By having access to soil test pits with experts to guide them, participants were provided the opportunity to try out skills. It was also clear through this field experience that there is an element of best professional judgement in all assessments, with characteristics dependent on where the pits are dug, the ways in which the site is documented, during what season and under what conditions — all play important roles. Working with experienced soil experts to guide this learning plays an invaluable role in increasing participant capabilities (and confidence in their own abilities) to assess hydric soils.

For all of these reasons, ASWM advocates for all who complete our hydric soils online soilcolortraining modules to also try to find a way to participate in or work with partners to develop an on-the-ground training component. To encourage this effort, ASWM is currently working with our hydric soils training team to develop a support document that will be available on the ASWM website in 2017 to provide guidance on how to create a strong supplemental experiential learning session to support what they learned online. This guidance document includes half-day, full-day, and two- and three-day training alternatives. It also provides specific training exercises, a list of materials/supplies needed to conduct each exercise, and recommendations for locations to deliver them. This draft document served as a guide for the training I attended in New Jersey.

ASWM understands that there are many different styles of learning and that knowledge is gained through a variety of methods. While online trainingparticipantstraining continues to fill a critical gap for anytime/anywhere learning on foundation-building information, there is a need for both interactive experiences (see my recent Wetland Wanderer blog on the value of bringing wetland professionals together in interactive workshop settings) and on-the-ground opportunities to practice the skills they learned as concepts in their remote learning experiences under the guidance of expert trainers.

As always, we welcome any input on our efforts to improve access to high quality wetland training and, in this case, especially hydric soils training opportunities.  Let us know of quality trainings you have participated in or led, so that we can share these with others.

As we enter the holiday season, in addition to good health, happiness and peace, in the New Year I wish you access to great training, an accumulation of helpful knowledge, and lots of quality training experiences that peak and satiate your curiosity!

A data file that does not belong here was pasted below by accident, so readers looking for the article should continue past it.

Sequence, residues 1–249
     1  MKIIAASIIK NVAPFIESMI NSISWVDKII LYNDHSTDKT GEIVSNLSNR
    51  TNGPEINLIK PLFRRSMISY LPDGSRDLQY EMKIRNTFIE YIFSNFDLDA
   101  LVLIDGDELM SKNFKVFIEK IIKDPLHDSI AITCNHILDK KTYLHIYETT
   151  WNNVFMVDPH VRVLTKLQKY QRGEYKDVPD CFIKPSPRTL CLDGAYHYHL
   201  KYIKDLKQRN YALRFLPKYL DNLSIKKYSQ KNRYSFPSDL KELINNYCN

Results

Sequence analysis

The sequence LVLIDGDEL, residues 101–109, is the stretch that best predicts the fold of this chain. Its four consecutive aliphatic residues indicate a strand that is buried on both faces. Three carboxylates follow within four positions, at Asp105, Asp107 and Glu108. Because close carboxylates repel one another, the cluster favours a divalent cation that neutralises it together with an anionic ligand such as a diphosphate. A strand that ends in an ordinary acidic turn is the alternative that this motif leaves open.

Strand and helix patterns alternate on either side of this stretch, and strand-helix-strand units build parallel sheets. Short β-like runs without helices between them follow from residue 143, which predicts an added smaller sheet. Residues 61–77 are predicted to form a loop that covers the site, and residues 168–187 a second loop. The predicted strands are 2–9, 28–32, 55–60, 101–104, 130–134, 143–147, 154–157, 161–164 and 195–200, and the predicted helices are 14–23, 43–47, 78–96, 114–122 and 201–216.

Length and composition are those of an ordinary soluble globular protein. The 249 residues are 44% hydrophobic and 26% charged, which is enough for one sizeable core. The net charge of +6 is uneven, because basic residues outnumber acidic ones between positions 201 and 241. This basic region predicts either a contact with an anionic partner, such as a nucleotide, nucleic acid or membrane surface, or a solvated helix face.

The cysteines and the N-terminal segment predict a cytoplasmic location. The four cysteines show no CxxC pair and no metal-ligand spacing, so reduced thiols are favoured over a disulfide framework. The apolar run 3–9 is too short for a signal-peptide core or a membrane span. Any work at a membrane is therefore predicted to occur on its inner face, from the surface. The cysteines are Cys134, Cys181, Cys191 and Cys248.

I would like to extend a special thank you to the New England Biological Assessment of Wetlands Working Group (NEBAWWG), Mid-Atlantic Wetland Working Group (MAWWG), the onsite soil experts who conducted the training, Kimberly Roth of the New England Interstate Pollution Control Commission (NEIWPCC) and Kathleen Drake of EPA for their work in coordinating this training and ASWM’s documentation of the event.

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bos2A Step in the Right Direction for the Upper Deschutes

Deschutes River Conservancy – December 7, 2016
Beginning this winter, the Deschutes River will flow at a minimum of 100 cubic feet per second (cfs) from September 16th to March 30th. The river community is celebrating the addition of this water to critically low winter flows that have dropped as low as 20 cfs in past years. “It’s unfortunate that these results were achieved through litigation,” said DRC Executive Director, Tod Heisler. “While this is a step in the right direction, it doesn’t solve the long-term flow issues that face the Deschutes River. We see this 100 cfs as a foundation for further flow restoration and we sincerely hope that additional flows can be restored through continued partnership and collaboration within the basin.” For full blog post, click here.


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wppHow engineers see the water glass in California

By Jay R. Lund – California WaterBlog – December 5, 2016
Depending on your outlook, the proverbial glass of water is either half full or half empty. Not so for engineers in California.

Civil engineer: The glass is too big.
Flood control engineer: The glass should be 50 percent bigger.
Army Corps levee engineer: The glass should be 50 percent thicker.
Mexicali Valley water engineer: Your leaky glass is my water supply.